France braces for political ‘trial of the decade’

France’s most politically charged trial of the decade begins in a week, but the explosive Clearstream case is already playing itself out in the court of public opinion.

Former prime minister Dominique de Villepin, the suave diplomat best remembered for leading the charge against the Iraq war at the United Nations, is accused of plotting to smear Nicolas Sarkozy, his then-rival for the French presidency.

Villepin will be in the dock from next Monday and as fate would have it, he will find himself in the exact Paris courtroom where Marie Antoinette was sentenced to the guillotine in 1793.

Dubbed the trial of the decade by the French press, the judicial drama features a cast of powerful players in politics, industry and intelligence circles, beginning with Sarkozy himself, who is a civil plaintiff in the case.

The complex case dates back to 2004 and centres on a list — later proved to be false — of account holders at the Clearstream bank who allegedly received kickbacks from the sale of French frigates to Taiwan.

One name on the bogus list was Sarkozy, the ambitious finance and interior minister under president Jacques Chirac, who for years groomed Villepin as his heir to the Elysee.

The trial is shaping up as a showdown between arch-rivals Villepin and Sarkozy, but witnesses could lift the lid on the murky dealings of French intelligence and of one of the world’s top aerospace companies, EADS.

Two EADS executives, ex-vice president Jean-Louis Gergorin and research chief Imad Lahoud, will also face charges along with journalist Denis Robert, who broke the story, and accountant Florian Bourges, accused of stealing the lists from Clearstream.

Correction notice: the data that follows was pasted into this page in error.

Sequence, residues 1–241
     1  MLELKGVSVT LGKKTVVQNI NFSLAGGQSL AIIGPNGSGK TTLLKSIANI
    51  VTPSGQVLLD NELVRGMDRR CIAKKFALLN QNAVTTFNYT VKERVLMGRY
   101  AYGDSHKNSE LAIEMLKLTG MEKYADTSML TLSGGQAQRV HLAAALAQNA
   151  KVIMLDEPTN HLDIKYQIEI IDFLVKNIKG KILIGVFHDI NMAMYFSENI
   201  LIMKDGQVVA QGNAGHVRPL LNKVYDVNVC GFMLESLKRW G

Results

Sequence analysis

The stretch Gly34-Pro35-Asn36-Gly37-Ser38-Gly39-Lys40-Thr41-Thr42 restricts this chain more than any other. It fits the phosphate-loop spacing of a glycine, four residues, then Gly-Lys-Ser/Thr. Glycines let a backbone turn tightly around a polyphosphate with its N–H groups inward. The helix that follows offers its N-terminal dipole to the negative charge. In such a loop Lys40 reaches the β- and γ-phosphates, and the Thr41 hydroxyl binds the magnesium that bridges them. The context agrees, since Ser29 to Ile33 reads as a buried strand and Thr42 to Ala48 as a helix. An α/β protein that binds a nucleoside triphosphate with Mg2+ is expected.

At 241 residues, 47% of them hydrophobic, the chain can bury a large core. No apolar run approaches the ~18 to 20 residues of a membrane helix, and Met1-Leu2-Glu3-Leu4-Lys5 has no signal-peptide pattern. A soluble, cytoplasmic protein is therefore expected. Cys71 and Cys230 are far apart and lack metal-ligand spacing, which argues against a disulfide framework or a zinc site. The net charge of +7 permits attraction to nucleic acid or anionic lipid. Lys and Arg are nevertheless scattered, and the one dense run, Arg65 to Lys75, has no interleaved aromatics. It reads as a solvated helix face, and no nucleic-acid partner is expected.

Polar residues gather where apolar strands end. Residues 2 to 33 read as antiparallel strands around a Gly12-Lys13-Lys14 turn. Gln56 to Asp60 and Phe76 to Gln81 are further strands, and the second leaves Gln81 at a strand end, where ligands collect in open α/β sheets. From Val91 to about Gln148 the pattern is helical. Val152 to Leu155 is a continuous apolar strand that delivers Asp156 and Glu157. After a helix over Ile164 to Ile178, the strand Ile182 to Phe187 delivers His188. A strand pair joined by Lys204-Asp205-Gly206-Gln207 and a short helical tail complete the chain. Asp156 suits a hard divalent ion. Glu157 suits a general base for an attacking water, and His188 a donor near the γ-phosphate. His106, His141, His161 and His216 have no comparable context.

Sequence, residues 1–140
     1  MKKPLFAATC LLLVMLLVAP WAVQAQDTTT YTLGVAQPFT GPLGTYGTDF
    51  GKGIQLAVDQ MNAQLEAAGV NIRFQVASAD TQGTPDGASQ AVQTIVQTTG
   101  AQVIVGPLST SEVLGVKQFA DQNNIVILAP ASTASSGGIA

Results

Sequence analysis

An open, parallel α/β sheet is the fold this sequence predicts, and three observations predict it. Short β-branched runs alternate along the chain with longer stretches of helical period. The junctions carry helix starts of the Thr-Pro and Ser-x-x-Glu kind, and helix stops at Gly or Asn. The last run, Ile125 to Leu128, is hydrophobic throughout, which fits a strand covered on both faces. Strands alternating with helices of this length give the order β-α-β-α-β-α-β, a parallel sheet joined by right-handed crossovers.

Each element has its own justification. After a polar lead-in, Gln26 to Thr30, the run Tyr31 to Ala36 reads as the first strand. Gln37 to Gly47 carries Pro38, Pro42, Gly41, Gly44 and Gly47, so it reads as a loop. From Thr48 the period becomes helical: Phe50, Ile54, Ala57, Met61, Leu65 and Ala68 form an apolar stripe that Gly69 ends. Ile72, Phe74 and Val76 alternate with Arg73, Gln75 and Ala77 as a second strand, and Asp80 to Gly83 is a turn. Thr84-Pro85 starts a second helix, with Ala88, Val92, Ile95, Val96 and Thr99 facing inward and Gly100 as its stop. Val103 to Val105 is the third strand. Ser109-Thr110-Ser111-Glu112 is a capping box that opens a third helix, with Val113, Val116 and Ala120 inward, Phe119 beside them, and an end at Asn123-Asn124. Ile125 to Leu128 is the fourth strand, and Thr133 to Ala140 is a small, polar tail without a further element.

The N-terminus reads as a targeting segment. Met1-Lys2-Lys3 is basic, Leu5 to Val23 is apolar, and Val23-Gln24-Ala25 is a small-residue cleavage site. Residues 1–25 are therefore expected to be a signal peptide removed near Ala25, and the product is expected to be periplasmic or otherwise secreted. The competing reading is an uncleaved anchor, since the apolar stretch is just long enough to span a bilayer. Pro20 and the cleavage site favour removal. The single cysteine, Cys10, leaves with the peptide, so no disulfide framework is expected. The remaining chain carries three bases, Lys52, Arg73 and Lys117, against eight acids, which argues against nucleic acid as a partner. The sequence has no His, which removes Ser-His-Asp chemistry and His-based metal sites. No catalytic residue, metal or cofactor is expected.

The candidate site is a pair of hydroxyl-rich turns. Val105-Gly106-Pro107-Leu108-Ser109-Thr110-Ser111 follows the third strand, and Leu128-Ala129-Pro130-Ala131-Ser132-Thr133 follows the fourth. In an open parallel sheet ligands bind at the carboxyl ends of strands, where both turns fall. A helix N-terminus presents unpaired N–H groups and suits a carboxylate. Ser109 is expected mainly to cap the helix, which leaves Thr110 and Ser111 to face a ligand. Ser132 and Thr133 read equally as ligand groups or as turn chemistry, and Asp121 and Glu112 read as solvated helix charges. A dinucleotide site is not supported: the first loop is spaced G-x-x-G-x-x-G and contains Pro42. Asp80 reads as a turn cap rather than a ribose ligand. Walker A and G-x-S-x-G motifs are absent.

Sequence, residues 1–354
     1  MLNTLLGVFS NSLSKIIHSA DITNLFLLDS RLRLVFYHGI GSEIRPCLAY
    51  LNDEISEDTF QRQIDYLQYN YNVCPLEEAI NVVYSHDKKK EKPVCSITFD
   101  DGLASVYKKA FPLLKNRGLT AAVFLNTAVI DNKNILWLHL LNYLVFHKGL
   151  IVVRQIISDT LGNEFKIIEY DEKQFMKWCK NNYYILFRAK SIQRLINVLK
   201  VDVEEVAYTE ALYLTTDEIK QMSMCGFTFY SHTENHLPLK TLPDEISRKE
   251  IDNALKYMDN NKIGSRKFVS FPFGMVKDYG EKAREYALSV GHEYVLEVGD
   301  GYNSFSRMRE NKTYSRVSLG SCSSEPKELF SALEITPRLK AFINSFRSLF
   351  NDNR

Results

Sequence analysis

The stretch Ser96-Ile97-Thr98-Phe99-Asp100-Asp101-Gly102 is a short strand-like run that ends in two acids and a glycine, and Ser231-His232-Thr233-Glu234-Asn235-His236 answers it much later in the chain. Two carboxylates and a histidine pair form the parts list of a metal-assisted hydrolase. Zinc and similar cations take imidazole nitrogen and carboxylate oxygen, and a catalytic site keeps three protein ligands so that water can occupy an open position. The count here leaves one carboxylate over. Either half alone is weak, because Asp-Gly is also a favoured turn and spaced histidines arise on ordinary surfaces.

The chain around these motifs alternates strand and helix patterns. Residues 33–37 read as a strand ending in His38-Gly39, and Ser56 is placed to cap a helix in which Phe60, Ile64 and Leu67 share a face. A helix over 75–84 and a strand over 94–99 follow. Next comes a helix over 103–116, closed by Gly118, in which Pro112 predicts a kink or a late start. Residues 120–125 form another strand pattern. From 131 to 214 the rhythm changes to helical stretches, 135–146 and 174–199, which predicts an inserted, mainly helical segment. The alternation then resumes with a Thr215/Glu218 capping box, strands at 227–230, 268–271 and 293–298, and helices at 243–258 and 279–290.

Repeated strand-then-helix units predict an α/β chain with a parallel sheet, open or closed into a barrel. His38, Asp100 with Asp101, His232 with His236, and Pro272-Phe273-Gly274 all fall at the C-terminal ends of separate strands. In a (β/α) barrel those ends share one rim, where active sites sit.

Gergorin, a 63-year-old foreign affairs expert and former Villepin associate, has admitted to leaking the false Clearstream list to investigators in 2004.

Known as ”the mathematician,” 41-year-old Lahoud added a new twist to the case this month when it emerged that he had confessed to adding Sarkozy’s name to the bogus list. He has implicated Villepin in the conspiracy.

Feeding into the pre-trial frenzy, former intelligence chief Yves Bertrand has published a book that backs Villepin’s view of Sarkozy as seeking to turn the whole affair to his advantage.

In the weeks leading up to the trial, 55-year-old Villepin has waged a media offensive, accusing Sarkozy of ”being a bit twisted” for insisting that the Clearstream affair was a plot to sabotage his presidential bid.

”I’ve always said that I wanted to know who put my name on that list and why,” Sarkozy said last week. ”It is high time that we get rid of all of these manoeuvres, once and for all.”

Villepin faces up to five years in jail if convicted on charges of ”complicity to slander, complicity to use forgeries, receipt of stolen property and breach of trust”.

If he walks free, the former prime minister has floated the idea of challenging Sarkozy for the party nomination for the 2012 presidential vote, although his chances of a comeback are seen as slim.

”This slander case is far from being banal. This trial promises to be unparalleled,” wrote Pascal Junghans, an expert on French intelligence who writes for the business daily La Tribune.

The case has already led to a shakeup in the ruling party, where the Villepin-Chirac clique of followers has been weakened and sidelined, according to Junghans.

At Airbus parent company EADS, the affair prompted the German partners to press for a full house clean-up while Sarkozy himself moved to overhaul French intelligence, another Clearstream casualty, he said.

Sarkozy has ordered a full restructuring of the DST counter-intelligence domestic agency and the RG police intelligence, naming key ally Bernard Squarcini as spy chief.

Squarcini is one of the 41 civil plaintiffs in the Clearstream trial, set to run from September 21 to October 21. — AFP



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Carole Landry
Carole Landry
Carole Landry covers the United Nations for @AFP. Postings in Moscow, Washington, Johannesburg and Paris.

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